Growth, Sustainability 25 January 2022
Towards a Regenerative Economy: Taking Regenerative Agriculture one step further
Continuing our series on the future of value generation, this article explores the way regenerative practices can be understood to feed economic activity that serves long-term sustainability, with better outcomes for both humankind and the planet.
9 minute read
Created in collaboration with The Red Flower Factory.
We as humanity are faced with an existential crisis in the form of climate change. At Sevendots, we look to the future of the CPG industry – but it’s hard to see a future without acknowledgement of this crisis. While there are different ways to approach sustainability, many are looking back at the basic building blocks of human consumption: the land itself. As a result, ‘Regenerative agriculture’ has started to take root in the strategies of the big CPG players. But what is regenerative agriculture, and what role does it play in furthering a more positive future for mankind?
In our recent piece, The Future of Value Generation, we introduced a series of alternative economic frameworks. To achieve one of these potential outcomes – the regenerative economy – a link must be drawn between current efforts to practically improve regeneration in our soil, and the way we start to measure and understand our economic activity more broadly.
In this article, we discuss:
- What is Regenerative Agriculture?
- What are the limits of Regenerative Agriculture?
- What are companies doing already?
- What are consumers saying already?
- An introduction to the Regenerative Economy
- Where does CPG go from here?
- Our final thoughts on regenerative economies
What is Regenerative Agriculture?
We’ve talked before about the difficulties in communication when it comes to sustainability, particularly in our Growth Series report. The phrase ‘regenerative agriculture’ is no less complex. While companies begin to adopt this phrase, there isn’t widespread agreement on a definition of what constitutes a really regenerative practice. In many cases, ideas are blurred with earlier interest in ‘organic farming’, which constitutes a different set of criteria. For the purposes of this article, we take the following as our understanding of the difference between these terms:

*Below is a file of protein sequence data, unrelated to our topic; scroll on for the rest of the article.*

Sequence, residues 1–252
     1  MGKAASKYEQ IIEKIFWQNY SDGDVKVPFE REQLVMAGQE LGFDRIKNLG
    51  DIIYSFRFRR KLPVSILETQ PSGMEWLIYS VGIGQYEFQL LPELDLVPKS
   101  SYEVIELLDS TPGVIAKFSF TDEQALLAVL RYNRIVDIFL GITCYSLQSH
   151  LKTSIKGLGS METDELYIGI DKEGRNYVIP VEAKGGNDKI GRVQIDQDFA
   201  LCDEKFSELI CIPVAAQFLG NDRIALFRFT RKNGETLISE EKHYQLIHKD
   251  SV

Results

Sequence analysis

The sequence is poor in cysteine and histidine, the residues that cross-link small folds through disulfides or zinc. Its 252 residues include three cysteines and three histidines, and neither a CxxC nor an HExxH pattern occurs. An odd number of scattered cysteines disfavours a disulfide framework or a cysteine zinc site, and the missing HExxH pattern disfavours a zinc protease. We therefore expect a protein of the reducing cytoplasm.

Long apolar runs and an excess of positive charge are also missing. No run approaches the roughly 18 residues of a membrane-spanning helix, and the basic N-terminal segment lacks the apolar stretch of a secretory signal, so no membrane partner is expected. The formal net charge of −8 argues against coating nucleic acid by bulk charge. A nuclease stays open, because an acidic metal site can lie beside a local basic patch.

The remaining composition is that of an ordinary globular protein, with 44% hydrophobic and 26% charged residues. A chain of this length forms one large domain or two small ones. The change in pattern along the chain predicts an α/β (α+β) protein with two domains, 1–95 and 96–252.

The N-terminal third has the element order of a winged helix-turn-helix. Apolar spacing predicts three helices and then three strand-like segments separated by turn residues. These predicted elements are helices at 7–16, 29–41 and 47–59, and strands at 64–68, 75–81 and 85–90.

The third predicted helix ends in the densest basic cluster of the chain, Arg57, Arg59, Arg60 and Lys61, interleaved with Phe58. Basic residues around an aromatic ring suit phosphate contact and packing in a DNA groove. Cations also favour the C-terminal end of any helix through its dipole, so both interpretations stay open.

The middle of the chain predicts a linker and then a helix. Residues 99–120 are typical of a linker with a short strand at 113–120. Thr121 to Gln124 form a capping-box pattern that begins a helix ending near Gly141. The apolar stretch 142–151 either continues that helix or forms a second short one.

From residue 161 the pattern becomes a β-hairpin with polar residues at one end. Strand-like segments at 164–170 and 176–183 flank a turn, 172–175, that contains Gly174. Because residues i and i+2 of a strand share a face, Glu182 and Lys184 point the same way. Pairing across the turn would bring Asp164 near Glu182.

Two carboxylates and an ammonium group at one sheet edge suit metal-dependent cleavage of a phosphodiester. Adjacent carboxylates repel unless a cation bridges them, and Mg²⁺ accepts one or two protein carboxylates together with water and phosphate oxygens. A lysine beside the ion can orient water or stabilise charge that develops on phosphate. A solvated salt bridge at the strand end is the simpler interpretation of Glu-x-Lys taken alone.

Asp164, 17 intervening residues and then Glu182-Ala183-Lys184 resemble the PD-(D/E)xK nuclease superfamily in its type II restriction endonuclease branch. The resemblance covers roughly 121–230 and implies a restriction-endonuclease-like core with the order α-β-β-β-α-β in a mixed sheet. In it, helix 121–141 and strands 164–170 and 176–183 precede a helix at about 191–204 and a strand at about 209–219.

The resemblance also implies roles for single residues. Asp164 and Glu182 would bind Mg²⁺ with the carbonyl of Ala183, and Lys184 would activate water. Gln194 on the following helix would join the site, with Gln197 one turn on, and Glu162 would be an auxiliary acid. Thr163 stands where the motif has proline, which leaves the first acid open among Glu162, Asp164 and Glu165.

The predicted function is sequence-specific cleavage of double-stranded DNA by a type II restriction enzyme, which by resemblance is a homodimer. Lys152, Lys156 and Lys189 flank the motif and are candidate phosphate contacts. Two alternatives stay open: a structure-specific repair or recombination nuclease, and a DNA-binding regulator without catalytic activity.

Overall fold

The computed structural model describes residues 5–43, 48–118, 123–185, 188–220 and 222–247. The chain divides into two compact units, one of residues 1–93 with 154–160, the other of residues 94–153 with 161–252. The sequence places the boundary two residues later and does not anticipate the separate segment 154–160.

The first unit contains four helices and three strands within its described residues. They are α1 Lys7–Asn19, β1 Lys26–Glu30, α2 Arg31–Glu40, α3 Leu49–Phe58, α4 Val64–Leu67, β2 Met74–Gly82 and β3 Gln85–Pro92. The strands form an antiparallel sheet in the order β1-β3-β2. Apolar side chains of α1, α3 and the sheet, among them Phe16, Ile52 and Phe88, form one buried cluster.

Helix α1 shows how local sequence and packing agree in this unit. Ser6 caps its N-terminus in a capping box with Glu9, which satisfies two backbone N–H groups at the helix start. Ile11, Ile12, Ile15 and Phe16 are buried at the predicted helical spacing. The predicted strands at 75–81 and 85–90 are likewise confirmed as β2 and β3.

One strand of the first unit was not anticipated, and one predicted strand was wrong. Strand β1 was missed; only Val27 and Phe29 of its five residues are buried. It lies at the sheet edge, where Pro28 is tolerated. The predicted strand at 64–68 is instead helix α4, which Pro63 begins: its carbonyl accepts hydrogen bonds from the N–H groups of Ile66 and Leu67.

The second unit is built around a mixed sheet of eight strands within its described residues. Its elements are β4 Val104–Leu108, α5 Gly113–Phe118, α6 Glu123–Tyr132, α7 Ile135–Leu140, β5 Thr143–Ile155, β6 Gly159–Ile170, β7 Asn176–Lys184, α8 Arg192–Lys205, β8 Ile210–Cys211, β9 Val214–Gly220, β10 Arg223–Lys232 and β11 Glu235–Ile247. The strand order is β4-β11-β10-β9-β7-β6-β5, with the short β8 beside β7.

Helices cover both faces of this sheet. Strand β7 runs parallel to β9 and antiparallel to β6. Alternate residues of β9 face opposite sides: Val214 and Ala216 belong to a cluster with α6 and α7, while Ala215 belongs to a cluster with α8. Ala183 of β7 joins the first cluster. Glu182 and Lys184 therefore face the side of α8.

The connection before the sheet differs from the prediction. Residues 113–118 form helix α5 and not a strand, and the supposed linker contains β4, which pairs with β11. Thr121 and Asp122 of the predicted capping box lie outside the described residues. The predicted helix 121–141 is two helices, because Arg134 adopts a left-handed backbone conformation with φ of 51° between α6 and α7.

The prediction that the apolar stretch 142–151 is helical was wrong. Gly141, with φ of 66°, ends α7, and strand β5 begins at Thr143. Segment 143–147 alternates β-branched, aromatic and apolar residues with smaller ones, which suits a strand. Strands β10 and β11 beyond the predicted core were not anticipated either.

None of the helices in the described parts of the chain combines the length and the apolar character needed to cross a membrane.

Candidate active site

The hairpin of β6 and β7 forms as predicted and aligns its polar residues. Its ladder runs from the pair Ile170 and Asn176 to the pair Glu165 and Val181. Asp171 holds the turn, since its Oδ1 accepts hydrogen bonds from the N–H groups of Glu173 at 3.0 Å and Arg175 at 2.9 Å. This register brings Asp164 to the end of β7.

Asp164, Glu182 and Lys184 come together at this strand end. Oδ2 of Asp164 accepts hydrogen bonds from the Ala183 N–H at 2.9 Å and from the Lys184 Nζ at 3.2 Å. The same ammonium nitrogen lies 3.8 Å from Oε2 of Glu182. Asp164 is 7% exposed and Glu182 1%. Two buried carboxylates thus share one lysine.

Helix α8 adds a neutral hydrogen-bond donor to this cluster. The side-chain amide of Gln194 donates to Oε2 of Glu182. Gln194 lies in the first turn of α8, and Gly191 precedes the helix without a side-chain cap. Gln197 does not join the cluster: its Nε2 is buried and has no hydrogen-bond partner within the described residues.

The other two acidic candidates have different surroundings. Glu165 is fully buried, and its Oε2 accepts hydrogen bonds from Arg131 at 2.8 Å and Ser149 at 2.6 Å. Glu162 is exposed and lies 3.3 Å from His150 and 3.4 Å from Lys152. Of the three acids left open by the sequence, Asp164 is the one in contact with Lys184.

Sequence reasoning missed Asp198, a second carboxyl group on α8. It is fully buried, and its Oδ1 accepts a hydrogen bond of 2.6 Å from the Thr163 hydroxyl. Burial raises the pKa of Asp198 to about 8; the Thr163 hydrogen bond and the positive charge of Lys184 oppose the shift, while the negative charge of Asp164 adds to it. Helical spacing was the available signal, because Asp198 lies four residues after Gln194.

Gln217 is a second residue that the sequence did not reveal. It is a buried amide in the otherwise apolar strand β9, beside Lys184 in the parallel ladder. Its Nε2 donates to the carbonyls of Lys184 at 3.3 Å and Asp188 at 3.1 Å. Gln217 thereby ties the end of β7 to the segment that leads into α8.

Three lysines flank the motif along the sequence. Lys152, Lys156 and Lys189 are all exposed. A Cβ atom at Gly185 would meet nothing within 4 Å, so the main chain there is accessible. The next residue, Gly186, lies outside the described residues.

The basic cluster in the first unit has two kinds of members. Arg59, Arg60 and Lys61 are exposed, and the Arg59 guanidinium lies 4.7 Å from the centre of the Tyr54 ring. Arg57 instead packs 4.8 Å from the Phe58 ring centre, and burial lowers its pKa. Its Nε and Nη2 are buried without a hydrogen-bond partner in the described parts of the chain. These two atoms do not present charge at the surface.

Agricultural system that uses ecologically based pest controls and biological fertilizers. These are derived largely from animal and plant wastes and nitrogen-fixing cover crops, reducing negative implications for the environment and personal health.
A conservation and rehabilitation approach to food and farming systems. This focuses on topsoil regeneration, favoring biodiversity, improving the water cycle, increasing resilience in the climate crisis, and strengthening the health and vitality of farm soil.
What are the limits of Regenerative Agriculture?
Speaking with 3LM Co-Founder Sheila Cooke, it has become clear that committing to Regenerative Agriculture demands less of a focus on achieving a clear definition for the term. Instead, measuring outcomes is vital – it’s not ‘what do we do’ but rather ‘what outcome have we achieved’. She says, “There’s loads of ways you can do [regenerative agricultural practices], and it will vary from farmer to farmer, land base to land base, country to country.” Committing to a holistic understanding of land management is more important, particularly as regards regenerating soil. “[With] healthy soil taking care of the plants, the plants will be healthy, and those plants that feed animals like livestock, those livestock will be healthy… the humans [that eat them] will be healthy too.”
A holistic understanding of the land and its management becomes the cornerstone of a truly regenerative approach to cultivation. “To really analyze it, we break it down into four processes,” she says. Namely, natural systems within the biosphere: the water cycle, nutrient flow, energy flow (“How effective are the plants on that land base at converting sunlight into plant biomass?”) and community dynamics. Environmental health becomes essential for human health, and takes into consideration the whole life cycle of production.